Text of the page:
According to today’s labour market figures, there’s been a 56,000 fall in jobs over the latest quarter – the first material drop in over four years.
Unemployment was up to 3.9 per cent following the last quarter’s low of 3.8 per cent.
The fall in employment was driven by employee jobs (shown in purple in the following chart), which fell for the second quarter in a row (by 49,000 this quarter following 85,000 last quarter).
The last time there were two consecutive quarters of employee job decline was during the depths of George Osborne’s austerity regime back in 2011.
With GDP stagnant for more than a year, this weakness is hardly surprising.
UK growth has been below the OECD and EU aggregates since the end of 2016. In 2019Q2, annual GDP growth was 1.3 per cent in the UK, 1.4 per cent in the EU and 1.6 per cent for the OECD as a whole.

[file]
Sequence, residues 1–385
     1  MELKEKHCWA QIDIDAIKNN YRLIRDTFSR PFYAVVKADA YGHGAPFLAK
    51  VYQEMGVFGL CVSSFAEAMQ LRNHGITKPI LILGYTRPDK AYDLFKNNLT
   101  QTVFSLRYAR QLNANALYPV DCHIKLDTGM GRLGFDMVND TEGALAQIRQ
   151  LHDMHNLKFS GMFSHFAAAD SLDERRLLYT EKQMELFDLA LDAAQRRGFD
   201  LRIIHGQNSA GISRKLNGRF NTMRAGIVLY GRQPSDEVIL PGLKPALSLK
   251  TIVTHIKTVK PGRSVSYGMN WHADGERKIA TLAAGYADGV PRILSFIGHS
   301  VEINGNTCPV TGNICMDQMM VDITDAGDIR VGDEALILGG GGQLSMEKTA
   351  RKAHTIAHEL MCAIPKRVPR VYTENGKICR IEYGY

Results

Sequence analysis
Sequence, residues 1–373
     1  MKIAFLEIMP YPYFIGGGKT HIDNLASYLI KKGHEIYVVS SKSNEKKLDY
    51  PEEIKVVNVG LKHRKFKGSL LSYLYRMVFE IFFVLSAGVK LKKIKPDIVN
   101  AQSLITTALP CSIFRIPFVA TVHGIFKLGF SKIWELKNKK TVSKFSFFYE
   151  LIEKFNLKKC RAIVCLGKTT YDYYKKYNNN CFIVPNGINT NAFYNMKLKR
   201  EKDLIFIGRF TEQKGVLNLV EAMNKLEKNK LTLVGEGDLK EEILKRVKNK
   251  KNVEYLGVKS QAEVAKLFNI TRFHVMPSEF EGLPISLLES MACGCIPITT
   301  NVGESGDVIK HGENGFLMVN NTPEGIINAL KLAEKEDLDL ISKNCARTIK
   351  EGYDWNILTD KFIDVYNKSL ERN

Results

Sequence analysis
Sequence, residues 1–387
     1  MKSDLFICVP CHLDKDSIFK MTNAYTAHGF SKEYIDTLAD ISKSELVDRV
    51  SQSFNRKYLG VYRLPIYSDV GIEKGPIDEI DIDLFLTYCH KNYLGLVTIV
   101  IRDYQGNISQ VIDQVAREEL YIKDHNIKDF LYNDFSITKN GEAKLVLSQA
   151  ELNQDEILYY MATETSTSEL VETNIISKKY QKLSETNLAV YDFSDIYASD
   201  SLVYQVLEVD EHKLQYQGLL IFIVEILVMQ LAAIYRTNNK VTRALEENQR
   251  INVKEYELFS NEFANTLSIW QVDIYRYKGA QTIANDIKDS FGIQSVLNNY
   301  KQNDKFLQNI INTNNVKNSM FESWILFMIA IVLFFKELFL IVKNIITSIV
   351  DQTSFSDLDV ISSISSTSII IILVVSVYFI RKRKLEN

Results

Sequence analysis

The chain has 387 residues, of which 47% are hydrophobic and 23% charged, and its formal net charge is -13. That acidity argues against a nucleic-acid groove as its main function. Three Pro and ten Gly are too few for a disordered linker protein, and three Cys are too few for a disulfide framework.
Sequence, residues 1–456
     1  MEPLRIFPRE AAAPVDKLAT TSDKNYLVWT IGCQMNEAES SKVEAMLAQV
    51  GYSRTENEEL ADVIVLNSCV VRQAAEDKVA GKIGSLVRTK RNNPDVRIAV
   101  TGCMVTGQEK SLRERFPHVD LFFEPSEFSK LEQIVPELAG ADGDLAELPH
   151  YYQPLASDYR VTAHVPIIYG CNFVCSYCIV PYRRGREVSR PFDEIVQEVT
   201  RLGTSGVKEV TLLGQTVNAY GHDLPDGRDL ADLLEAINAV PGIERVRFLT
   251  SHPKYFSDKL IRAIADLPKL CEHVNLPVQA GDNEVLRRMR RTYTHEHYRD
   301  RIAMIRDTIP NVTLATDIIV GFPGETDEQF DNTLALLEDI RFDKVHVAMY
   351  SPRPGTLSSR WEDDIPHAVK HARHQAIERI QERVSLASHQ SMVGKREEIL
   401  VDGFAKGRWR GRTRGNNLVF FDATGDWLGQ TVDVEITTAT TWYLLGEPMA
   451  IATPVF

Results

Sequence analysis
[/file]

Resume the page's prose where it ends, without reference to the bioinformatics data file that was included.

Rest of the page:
Weak growth and falling jobs means that the recent growth in wages that has been a long time in coming are already hanging by a thread (as the Bank of England have warned).
Job opportunities are also mirroring economic weakness.
The official measure of vacancies has declined for three consecutive quarters – the most prolonged and steepest decline since the global recession.
The deterioration in the economy and labour market is hardly surprising.
The threat of a no-deal Brexit comes on top of a decade of austerity and wider concerns about a global recession.
Next week on Thursday 24th October 10-11.30 am at Congress House, Frances O’Grady TUC General Secretary will host John McDonnell, Shadow Chancellor of the Exchequer, for a discussion of the austerity decade with IPPR chief economist Carys Roberts and me.
You can register on Eventbrite here .
Want to hear about our latest news and blogs?
Sign up now to get it straight to your inbox
To access the admin area, you will need to setup two-factor authentication (TFA).